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1 CSC 550: Introduction to Artificial Intelligence Fall 2008 Knowledge representation  associationist knowledge semantic nets, conceptual dependencies.

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Presentation on theme: "1 CSC 550: Introduction to Artificial Intelligence Fall 2008 Knowledge representation  associationist knowledge semantic nets, conceptual dependencies."— Presentation transcript:

1 1 CSC 550: Introduction to Artificial Intelligence Fall 2008 Knowledge representation  associationist knowledge semantic nets, conceptual dependencies  structured knowledge frames, scripts  expert systems rule-based reasoning, heuristics reasoning with uncertainty

2 2 Knowledge representation underlying thesis of GOFAI: Intelligence requires  the ability to represent information about the world, and  the ability to reason with the information knowledge representation schemes  logical: use formal logic to represent knowledge e.g., state spaces, Prolog databases  procedural: knowledge as a set of instructions for solving a problem e.g., production systems, expert systems (next week)  associationist: knowledge as objects/concepts and their associations e.g., semantic nets, conceptual dependencies  structured: extend networks to complex data structures with slots/fillers e.g., scripts, frames

3 3 Semantic nets (Quillian, 1967) main idea: the meaning of a concept comes from the way it is connected to other concepts SNOW in understanding language and/or reasoning in complex environments, we make use of the rich associativity of knowledge When Timmy woke up and saw snow on the ground, he immediately turned on the radio.

4 4 graphs of concepts can represent knowledge as a graph  nodes represent objects or concepts  labeled arcs represent relations or associations such graphs are known as semantic networks (nets)  the meaning of a concept is embodied by its associations to other concepts retrieving info from a semantic net can be seen as a graph search problem to find the texture of snow 1.find the node corresponding to "snow" 2.find the arc labeled "texture" 3.follow the arc to the concept "slippery"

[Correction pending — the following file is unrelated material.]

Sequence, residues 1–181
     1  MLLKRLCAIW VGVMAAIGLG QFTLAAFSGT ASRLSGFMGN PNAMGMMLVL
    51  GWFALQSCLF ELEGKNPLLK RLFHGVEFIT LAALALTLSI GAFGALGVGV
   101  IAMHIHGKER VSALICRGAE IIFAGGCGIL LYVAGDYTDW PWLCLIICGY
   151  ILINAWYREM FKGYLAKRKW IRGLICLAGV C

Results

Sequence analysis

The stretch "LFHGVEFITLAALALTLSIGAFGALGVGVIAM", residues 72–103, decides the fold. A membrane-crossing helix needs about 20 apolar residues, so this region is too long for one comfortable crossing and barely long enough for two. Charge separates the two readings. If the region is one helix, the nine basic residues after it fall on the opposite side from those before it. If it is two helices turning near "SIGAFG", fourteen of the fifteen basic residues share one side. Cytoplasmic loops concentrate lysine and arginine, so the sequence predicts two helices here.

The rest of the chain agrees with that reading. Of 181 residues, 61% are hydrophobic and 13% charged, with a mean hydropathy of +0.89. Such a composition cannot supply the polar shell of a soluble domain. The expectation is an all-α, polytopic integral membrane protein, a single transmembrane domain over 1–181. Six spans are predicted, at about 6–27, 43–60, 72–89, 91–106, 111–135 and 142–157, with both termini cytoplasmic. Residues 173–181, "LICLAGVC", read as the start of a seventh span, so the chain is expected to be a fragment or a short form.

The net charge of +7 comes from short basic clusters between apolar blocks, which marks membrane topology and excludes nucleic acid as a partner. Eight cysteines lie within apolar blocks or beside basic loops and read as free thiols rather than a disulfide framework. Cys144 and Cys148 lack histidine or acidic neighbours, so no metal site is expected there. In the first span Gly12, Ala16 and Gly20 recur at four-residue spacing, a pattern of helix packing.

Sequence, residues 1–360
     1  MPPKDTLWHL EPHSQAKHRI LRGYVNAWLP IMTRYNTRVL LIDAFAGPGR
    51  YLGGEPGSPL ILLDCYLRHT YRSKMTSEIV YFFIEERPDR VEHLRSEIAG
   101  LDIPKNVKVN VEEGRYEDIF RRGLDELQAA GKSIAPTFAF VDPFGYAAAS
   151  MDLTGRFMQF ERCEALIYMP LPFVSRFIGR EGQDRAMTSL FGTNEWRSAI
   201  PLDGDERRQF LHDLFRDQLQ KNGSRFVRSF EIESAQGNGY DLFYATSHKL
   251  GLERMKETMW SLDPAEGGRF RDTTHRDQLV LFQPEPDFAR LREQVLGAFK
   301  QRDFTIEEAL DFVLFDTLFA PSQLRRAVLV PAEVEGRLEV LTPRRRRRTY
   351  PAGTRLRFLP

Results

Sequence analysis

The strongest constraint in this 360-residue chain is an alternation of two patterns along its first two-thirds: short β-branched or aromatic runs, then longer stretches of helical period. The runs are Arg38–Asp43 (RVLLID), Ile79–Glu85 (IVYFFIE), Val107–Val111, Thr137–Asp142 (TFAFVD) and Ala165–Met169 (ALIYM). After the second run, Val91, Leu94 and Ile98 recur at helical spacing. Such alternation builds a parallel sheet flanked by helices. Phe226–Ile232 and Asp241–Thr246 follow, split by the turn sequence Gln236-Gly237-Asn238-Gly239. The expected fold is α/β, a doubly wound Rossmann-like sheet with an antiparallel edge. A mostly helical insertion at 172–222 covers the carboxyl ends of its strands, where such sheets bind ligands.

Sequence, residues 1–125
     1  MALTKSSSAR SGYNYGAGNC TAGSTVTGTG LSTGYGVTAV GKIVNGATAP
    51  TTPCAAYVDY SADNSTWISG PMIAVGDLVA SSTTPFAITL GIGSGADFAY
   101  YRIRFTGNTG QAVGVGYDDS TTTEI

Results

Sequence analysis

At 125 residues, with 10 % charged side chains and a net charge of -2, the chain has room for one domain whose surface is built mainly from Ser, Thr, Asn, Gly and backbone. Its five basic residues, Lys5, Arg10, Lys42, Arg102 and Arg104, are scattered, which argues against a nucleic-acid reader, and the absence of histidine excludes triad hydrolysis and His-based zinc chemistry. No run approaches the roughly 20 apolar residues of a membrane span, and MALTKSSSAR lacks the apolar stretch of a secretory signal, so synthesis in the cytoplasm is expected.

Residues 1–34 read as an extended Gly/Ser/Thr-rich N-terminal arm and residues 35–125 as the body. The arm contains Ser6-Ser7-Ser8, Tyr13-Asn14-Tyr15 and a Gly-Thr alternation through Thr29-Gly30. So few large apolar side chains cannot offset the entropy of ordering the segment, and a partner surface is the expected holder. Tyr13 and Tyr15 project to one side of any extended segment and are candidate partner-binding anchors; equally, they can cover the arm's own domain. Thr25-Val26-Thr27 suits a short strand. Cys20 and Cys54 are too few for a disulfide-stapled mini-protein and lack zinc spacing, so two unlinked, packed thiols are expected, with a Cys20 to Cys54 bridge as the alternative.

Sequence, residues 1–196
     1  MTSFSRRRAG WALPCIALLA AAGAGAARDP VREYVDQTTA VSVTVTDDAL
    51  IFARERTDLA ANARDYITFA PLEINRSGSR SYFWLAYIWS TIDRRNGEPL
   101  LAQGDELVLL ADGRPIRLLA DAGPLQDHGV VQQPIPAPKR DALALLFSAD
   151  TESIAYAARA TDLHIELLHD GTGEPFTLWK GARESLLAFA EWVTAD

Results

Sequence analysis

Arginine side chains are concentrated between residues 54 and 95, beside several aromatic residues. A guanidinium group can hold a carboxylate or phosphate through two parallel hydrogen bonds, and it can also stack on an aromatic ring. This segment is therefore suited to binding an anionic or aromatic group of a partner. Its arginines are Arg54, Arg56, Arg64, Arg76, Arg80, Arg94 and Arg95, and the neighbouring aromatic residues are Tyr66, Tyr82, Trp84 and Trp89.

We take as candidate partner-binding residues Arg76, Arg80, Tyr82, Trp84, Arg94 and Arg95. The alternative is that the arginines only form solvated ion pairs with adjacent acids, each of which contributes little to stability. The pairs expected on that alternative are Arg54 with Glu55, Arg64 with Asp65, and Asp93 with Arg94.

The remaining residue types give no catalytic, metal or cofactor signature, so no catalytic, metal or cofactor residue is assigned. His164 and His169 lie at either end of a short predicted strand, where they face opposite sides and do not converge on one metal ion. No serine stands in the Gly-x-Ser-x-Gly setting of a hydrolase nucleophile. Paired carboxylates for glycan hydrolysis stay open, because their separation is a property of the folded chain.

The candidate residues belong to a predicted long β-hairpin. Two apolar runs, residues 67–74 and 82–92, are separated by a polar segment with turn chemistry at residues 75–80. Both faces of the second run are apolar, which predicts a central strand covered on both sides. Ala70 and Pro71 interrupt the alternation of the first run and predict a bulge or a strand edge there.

5 5 semantic nets & inheritance in addition to data retrieval, semantic nets can provide for deduction using inheritance since a canary is a bird, it inherits the properties of birds (likewise, animals) e.g., canary can fly, has skin, … to determine if an object has a property, look for the labeled association, if no association for that property, follow is_a link to parent class and (recursively) look there

6 6 Inheritance & cognition Quillian and Collins (1969) showed that semantic nets with inheritance modeled human information storage and retrieval

7 7 Semantic nets in Scheme (define ANIMAL-NET '((canary can sing) (canary is yellow) (canary is-a bird) (ostrich is tall) (ostrich cannot fly) (ostrich is-a bird) (bird can fly) (bird has wings) (bird has feathers) (bird is-a animal) (fish is-a animal) (animal can breathe) (animal can move) (animal has skin))) can define a semantic net in Scheme as an association list

8 8 Semantic net search ;;; net.scm (define (lookup object property value NETWORK) (define (get-parents object NET) (cond ((null? NET) '()) ((and (equal? object (caar NET)) (equal? 'is-a (cadar NET))) (cons (caddar NET) (get-parents object (cdr NET)))) (else (get-parents object (cdr NET))))) (define (inherit parents) (if (null? parents) #f (or (lookup (car parents) property value NETWORK) (inherit (cdr parents))))) (if (member (list object property value) NETWORK) #t (inherit (get-parents object NETWORK)))) to lookup a relation if arc with desired label exists, done (SUCCEED) otherwise, if is_a relation holds, follow the link and recurse on that object/concept > (lookup 'canary 'is 'yellow ANIMAL-NET) #t > (lookup 'canary 'can 'fly ANIMAL-NET) #t > (lookup 'canary 'can 'breathe ANIMAL-NET) #t > (lookup 'canary 'is 'green ANIMAL-NET) #f

9 9 Conceptual dependency theory not surprisingly, early semantic nets did not scale well  most links were general associations  no real basis for structuring semantic relations much research has been done in defining richer sets of links  rely on richer formalism, not richer domain knowledge Conceptual Dependency Theory (Schank, 1973)  attempts to model the semantic structure of natural language  4 primitive conceptualizations, from which meaning is built ACTaction PPobjects (picture producers) AAmodifiers of actions (action aiders) PAmodifiers of objects (picture aiders) primitive actions include: ATRANS (transfer a relationship, e.g., give) PTRANS (transfer physical location, e.g., move) MTRANS (transfer mental information, e.g., tell)...

10 10 conceptual dependency relationships tense/mode modifiers ppast ffuture ttransition ?interrogative /negative...